In the 15 years since the Digital Millennium Copyright Act (DMCA) was passed into law, we've seen all sorts of abuse and unintended consequences stemming from its more lopsided clauses. The safe harbors it creates for Internet service providers have provided useful protections for service providers, but the takedown process it authorizes makes it too easy for bad actors to shut down legitimate speech, from personal home videos to political commentary.

From time to time, we've named (and shamed) some of the worst abusers of the takedown process in our Takedown Hall of Shame. But every once in a while a history of attempts to silence speech is so extraordinary, so truly ridiculous, that an entry in the Hall of Shame is not dishonor enough.

Today we establish the Raspberry Beret Lifetime Aggrievement Award for extraordinary abuses of the takedown process in the name of silencing speech. And we're proud to bestow the inaugural title on the artist formerly known as The Artist Formerly Known As Prince himself.

Prince is far from alone in his willingness to exploit the notice-and-takedown procedure for censorship, but he certainly occupies a special place in the pantheon. Here are some of the most egregious examples of Prince partying like it's 1998 — the year the DMCA went into effect.

This Is What It Sounds Like When Fair Use Cries

From his palace at Paisley Park, the Purple One has propelled himself into the headlines most recently for issuing the first known takedown notices for videos on the Vine platform. Vine videos are limited to six seconds, and usually consist of a series of very short shots edited together. Prince's NPG Records sent eight notices to the Twitter-owned service for videos from a single user who uploaded them at a Prince concert. Many cases of fair use are quite easy to spot, but this one is almost embarrassingly so: a transformative and very short clip of a concert performance that doesn't cause any market harm.

But that didn't stop Prince from shooting first and hoping nobody asks questions later.

Coachella Controversy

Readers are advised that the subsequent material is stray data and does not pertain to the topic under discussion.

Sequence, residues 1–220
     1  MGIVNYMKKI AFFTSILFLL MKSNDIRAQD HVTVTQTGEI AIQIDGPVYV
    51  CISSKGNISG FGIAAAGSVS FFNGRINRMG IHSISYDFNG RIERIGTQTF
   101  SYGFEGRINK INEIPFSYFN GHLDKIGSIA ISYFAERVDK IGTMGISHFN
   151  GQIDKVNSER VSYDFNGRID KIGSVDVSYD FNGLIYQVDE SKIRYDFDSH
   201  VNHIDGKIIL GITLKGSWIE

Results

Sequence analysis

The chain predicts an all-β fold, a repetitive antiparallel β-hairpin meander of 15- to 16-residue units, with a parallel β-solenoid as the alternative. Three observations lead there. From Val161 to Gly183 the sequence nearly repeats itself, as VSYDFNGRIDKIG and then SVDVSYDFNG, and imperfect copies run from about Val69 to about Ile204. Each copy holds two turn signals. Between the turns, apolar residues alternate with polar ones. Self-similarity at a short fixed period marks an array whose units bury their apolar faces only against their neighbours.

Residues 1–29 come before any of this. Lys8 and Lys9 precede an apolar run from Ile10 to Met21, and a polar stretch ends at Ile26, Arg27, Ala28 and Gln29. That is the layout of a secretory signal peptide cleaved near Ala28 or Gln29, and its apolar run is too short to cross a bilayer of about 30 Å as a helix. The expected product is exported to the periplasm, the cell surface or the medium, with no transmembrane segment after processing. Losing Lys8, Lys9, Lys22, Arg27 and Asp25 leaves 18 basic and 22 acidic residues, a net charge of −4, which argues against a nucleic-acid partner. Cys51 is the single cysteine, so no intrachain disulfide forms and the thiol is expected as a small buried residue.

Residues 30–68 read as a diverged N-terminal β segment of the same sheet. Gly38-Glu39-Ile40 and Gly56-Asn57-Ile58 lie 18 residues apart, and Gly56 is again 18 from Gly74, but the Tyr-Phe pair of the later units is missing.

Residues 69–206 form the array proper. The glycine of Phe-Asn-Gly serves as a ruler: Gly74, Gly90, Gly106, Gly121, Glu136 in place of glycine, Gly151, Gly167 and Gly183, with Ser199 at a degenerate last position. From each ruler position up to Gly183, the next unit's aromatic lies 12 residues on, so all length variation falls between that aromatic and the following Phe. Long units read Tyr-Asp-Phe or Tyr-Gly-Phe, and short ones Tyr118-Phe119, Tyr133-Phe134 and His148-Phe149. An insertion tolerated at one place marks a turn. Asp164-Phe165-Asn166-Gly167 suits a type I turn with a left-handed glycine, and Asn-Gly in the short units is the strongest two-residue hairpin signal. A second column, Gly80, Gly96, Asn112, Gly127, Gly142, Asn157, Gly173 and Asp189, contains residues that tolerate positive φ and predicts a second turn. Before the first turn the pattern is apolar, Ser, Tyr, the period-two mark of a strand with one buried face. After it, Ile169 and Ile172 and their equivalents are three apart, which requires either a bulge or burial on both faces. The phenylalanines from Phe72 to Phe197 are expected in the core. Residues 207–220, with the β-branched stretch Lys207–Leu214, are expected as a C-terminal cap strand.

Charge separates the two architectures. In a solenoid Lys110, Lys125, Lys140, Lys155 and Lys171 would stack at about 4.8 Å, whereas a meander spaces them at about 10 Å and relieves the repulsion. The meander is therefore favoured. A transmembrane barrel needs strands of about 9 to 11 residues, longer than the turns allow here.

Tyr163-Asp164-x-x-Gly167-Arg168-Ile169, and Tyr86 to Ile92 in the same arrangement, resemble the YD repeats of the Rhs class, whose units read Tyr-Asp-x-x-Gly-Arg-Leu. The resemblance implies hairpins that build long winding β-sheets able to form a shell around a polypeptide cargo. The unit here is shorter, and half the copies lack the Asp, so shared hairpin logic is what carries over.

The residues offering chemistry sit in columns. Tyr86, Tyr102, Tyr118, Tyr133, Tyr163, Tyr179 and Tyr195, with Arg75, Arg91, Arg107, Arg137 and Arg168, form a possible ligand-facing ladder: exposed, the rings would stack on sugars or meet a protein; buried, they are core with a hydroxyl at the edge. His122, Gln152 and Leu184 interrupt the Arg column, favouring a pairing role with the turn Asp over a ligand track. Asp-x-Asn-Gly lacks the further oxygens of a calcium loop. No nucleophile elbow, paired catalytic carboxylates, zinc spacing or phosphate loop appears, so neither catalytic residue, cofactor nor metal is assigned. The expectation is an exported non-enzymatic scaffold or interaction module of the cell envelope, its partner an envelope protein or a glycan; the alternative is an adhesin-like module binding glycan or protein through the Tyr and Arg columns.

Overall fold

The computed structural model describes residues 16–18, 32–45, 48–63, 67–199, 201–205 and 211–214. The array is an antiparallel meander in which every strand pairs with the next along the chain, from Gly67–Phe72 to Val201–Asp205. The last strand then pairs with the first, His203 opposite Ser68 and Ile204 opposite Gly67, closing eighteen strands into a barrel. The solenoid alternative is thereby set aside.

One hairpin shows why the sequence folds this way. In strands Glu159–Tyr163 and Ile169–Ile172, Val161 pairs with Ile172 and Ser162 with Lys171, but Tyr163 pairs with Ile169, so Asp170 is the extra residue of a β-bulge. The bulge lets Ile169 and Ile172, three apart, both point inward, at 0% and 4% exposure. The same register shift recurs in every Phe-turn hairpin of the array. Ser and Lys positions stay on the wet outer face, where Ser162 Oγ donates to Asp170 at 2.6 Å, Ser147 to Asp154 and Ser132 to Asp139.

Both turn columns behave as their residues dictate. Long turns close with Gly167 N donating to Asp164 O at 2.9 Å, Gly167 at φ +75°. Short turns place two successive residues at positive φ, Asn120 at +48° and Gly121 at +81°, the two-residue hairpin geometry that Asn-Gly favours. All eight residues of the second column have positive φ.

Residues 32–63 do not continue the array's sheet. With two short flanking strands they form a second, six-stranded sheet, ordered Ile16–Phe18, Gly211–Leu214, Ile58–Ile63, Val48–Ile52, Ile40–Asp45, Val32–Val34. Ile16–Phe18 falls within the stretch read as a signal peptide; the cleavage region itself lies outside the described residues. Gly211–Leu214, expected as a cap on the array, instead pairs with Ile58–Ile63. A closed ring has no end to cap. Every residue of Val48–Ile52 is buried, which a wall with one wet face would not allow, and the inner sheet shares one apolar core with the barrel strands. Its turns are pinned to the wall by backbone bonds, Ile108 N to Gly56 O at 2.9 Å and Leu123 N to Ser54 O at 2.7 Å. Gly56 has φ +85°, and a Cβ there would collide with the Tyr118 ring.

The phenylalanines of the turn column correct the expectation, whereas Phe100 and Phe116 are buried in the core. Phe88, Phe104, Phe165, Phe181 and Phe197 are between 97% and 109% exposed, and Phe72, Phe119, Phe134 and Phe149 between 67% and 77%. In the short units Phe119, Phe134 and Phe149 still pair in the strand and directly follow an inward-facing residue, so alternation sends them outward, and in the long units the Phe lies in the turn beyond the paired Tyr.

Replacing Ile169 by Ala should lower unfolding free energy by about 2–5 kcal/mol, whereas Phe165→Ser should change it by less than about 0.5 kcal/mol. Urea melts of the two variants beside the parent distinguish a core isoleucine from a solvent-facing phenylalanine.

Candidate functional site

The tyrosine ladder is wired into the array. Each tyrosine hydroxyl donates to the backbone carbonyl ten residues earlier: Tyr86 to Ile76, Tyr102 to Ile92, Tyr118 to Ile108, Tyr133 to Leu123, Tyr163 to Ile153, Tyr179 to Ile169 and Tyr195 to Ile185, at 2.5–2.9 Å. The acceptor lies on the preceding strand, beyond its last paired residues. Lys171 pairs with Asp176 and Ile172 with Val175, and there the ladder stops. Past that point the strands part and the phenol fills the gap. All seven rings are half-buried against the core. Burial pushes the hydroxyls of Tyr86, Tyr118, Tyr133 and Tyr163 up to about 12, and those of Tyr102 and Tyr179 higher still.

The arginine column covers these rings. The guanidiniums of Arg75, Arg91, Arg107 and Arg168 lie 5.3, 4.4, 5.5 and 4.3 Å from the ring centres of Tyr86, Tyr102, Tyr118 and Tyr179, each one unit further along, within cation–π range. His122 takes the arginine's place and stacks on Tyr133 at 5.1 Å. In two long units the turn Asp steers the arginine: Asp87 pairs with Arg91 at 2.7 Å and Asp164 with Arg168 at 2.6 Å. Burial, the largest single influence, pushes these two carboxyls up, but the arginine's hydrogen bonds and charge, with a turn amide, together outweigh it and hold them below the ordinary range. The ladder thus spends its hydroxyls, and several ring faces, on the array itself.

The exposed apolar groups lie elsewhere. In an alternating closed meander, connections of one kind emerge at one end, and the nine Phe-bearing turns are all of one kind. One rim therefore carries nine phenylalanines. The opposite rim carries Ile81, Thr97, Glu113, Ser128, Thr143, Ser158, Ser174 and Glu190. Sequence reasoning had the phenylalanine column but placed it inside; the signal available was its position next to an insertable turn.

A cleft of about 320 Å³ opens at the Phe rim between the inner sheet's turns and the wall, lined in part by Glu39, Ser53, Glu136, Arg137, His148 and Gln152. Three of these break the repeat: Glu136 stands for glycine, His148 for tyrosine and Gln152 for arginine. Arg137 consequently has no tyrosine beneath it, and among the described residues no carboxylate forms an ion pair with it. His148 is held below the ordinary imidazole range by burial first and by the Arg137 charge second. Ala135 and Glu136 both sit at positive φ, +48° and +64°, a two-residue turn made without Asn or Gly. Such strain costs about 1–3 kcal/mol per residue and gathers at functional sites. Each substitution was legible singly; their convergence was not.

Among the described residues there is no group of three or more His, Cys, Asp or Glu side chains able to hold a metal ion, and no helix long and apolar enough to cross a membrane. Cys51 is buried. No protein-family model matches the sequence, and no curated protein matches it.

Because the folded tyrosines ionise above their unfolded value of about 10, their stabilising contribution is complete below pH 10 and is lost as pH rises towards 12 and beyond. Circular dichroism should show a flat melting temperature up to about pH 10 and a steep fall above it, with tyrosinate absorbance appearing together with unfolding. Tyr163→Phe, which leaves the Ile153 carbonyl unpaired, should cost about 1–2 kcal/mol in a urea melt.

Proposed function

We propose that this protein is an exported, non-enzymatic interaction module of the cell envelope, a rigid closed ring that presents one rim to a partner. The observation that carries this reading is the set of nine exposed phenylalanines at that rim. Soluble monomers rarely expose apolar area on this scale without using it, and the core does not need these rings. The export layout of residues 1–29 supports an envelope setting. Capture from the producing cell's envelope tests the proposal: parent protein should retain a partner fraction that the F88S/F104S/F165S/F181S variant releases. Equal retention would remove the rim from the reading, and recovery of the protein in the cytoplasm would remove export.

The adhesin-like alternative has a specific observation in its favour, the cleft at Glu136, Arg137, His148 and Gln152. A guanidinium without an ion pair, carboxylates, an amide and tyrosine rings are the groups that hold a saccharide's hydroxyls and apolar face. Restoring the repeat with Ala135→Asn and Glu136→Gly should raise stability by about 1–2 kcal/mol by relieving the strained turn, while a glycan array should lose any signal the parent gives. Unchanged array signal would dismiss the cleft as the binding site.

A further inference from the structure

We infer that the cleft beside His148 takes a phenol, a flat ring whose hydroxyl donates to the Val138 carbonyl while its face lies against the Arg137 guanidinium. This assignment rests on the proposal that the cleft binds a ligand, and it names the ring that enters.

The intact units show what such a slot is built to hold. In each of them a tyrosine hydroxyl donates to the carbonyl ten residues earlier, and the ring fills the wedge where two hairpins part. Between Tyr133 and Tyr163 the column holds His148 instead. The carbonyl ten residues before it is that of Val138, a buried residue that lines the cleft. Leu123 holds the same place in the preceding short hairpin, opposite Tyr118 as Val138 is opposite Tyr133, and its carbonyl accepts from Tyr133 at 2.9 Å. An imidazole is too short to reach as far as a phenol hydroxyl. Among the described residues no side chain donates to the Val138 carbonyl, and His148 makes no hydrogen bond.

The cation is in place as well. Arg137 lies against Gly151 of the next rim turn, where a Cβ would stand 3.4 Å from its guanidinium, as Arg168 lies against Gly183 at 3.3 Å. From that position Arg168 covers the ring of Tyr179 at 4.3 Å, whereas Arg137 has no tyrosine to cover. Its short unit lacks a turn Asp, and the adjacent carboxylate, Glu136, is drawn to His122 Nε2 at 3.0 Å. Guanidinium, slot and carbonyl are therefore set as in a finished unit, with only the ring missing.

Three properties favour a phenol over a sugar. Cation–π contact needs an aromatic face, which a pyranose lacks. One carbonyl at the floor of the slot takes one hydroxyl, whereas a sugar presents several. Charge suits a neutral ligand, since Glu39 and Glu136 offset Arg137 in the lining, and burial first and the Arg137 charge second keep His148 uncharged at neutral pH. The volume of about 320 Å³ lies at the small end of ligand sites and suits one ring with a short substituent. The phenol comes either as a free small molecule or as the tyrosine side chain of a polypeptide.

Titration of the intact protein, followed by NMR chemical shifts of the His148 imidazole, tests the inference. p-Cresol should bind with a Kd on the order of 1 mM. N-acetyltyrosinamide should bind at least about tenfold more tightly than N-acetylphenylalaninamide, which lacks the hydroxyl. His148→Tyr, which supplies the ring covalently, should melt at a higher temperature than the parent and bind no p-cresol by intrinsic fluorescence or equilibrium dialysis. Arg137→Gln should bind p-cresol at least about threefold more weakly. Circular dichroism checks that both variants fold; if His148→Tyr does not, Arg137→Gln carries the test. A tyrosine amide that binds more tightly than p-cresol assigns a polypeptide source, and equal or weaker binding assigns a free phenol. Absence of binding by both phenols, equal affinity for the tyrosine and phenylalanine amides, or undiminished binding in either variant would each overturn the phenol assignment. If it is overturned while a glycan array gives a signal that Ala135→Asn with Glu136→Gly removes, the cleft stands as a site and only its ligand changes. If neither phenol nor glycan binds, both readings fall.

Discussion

While it may look like a sign of the times that Prince demanded these short concert clips be removed, it's not even the first time he's attempted to overreach in taking down concert footage. In 2008, Prince went one step further, sending a rash of takedowns for fan videos shot of his performance of the Radiohead song "Creep" at the Coachella Music Festival.

Just one problem: Prince doesn't even own a copyright that could be infringed in any of those uploaded recordings. Copyright only goes to the person who actually makes a fixed expression of an idea. That means members of Radiohead, as the songwriters, hold the copyright in the composition, and the fans making the recording hold the copyright in the videos. Prince is left just trying to hold control over the way people share their experiences.

Fortunately, Radiohead realized the problem and told YouTube to keep the videos up. But most of the time the victims of online copyright bullying don't get the same protection.

Let's Go Crazy (Over 29 Seconds of Home Video ... For Six Years)

But perhaps Prince's craziest act of DMCA abuse is the infamous takedown of the dancing baby video at the heart of the ongoing Lenz v. Universal. The story may by now sound familiar: Stephanie Lenz shot some 29 seconds of video of her baby son dancing to a grainy version of the Prince song "Let's Go Crazy" in the background.  Universal Music, which represented Prince, sent a takedown notice and had the dancing baby taken offline for weeks.

We've already inducted Universal Music into the Hall of Shame for their role in that particular takedown, but Prince deserves a special mention.

Prince has shown time and again that he's willing to abuse copyright law in an attempt to recklessly impede free speech, but his role in the Lenz case cements this Lifetime Aggrievement Award.

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